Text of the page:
OSHA Must Act Before the Scorching Summer Heat Arrives
By Juley Fulcher
As you pull your coat a little tighter you might not be thinking about it, but in a few short months we will be in the midst of another summer with blazing hot temperatures. Experts are saying that 2023 will be even hotter than 2022, a familiar refrain over the past two decades of rapid climate change. The forecast includes blistering heat waves that can be lethal to workers.
Each year in the United states as many as 600 or more workers die from heat-related illnesses and accidents. While the hazard exists year-round for workers toiling in hot factories and commercial kitchens, the danger explodes for both indoor and outdoor workers when temperatures soar. Without protection, workers are susceptible to everything from heat strokes and heart attacks to workplace injuries and chronic kidney disease. No one should have to face this threat for a paycheck.
Every heat-related illness, injury and fatality is avoidable. With access to clean water and breaks in a cool location, workers can get the reprieve they need to cool down. The opportunity to gradually acclimate to the working conditions allows workers to build up a tolerance for laboring in the heat — a critical process to combat the high rates of heat-related fatalities in the first few days of work. An employer can prevent the harmful consequences of heat stress by training all workers and managers on the signs and symptoms of heat-illness and having clear procedures in place to provide aid to workers in crisis.
Despite the existence of simple protocols that can save lives, and 50 years of calls from experts and advocates, the Occupational Safety and Health Administration (OSHA) doesn’t have a heat standard for employers to follow. Under the Biden administration, OSHA has finally begun working on developing a heat standard. Unfortunately the process requires OSHA to navigate many procedural hurdles that can be easily derailed by knee-jerk reactions and myopic corporate resistance. In fact, it takes an average of seven to eight years to create an OSHA standard.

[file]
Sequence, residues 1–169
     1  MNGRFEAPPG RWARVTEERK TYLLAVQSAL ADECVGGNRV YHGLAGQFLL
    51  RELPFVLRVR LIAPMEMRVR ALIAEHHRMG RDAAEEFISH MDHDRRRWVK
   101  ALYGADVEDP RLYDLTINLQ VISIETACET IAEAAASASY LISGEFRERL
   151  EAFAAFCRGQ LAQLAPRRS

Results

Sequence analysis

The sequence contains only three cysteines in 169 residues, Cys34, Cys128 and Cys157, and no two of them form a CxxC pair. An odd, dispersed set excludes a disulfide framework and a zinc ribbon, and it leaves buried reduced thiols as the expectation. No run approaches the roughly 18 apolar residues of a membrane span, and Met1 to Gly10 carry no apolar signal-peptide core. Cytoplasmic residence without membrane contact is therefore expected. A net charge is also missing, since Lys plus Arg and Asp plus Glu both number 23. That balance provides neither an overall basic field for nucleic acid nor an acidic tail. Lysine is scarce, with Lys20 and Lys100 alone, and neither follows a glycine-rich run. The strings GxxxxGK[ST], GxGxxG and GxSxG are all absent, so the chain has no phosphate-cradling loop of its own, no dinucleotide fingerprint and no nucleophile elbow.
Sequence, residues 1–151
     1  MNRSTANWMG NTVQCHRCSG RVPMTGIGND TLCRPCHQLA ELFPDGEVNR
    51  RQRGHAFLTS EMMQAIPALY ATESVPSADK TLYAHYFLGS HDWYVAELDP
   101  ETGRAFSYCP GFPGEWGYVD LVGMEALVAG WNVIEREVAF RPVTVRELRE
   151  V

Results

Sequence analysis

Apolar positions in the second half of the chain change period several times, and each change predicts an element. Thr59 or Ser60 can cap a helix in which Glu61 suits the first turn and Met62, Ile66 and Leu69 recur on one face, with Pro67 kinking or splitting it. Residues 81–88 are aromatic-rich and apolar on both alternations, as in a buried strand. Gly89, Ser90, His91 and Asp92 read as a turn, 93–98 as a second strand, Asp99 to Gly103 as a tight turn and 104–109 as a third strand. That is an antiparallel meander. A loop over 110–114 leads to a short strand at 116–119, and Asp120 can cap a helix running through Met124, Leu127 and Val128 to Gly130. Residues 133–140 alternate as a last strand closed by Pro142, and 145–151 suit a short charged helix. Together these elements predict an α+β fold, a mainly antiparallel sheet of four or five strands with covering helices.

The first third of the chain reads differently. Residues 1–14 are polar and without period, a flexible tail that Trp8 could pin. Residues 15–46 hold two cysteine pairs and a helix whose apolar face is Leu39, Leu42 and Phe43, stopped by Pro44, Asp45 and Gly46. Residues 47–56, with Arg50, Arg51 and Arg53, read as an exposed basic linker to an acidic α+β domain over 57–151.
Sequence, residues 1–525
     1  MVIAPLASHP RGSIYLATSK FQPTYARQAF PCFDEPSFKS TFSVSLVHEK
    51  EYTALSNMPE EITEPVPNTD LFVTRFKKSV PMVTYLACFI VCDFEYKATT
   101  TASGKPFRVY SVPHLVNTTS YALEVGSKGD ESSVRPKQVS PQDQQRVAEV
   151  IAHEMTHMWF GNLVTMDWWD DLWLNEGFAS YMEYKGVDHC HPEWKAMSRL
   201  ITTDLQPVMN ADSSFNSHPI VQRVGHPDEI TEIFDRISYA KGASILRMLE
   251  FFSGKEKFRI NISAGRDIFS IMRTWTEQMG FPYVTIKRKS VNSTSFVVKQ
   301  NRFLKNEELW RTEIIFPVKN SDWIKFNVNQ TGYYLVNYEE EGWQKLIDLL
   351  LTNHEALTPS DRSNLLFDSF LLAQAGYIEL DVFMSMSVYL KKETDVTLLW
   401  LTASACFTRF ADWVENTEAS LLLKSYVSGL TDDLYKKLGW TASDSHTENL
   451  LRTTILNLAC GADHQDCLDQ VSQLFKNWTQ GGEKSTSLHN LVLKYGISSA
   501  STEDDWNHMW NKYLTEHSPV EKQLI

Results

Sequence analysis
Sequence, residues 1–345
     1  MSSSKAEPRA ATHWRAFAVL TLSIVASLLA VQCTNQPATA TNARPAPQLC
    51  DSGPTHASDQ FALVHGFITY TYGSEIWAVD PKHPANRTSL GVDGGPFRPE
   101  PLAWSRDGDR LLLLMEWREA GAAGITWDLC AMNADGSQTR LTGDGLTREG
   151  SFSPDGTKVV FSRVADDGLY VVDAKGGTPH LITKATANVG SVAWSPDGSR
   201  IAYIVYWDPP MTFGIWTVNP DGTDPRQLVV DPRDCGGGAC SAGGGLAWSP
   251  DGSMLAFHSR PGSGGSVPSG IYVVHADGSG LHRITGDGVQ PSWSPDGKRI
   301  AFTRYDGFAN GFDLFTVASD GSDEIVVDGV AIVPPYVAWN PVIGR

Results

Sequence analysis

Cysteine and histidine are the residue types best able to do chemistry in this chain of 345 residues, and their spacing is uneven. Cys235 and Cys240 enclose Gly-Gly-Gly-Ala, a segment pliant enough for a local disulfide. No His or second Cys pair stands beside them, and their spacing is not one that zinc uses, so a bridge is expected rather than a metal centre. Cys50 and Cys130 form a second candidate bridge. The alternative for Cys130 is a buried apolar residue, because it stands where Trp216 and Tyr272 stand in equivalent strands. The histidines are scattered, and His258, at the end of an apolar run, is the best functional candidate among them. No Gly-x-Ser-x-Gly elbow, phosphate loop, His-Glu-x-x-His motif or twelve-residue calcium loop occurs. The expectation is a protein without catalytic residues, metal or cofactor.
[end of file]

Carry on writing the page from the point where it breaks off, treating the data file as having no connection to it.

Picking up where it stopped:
Workers can’t afford to wait.
A handful of states are knitting together a patchwork of uneven solutions to protect their workers in the absence of a federal standard. It’s an inadequate solution for a nationwide problem.
This is why seven state Attorneys General from across the country have petitioned OSHA for an emergency heat standard to protect workers. Led by New York Attorney General Letitia James, and joined by the Attorneys General of California, Illinois, Maryland, Massachusetts, New Jersey, and Pennsylvania, the petition conveys the urgent need for immediate action.
Scorching temperatures will soon be upon us. OSHA must act now to protect workers.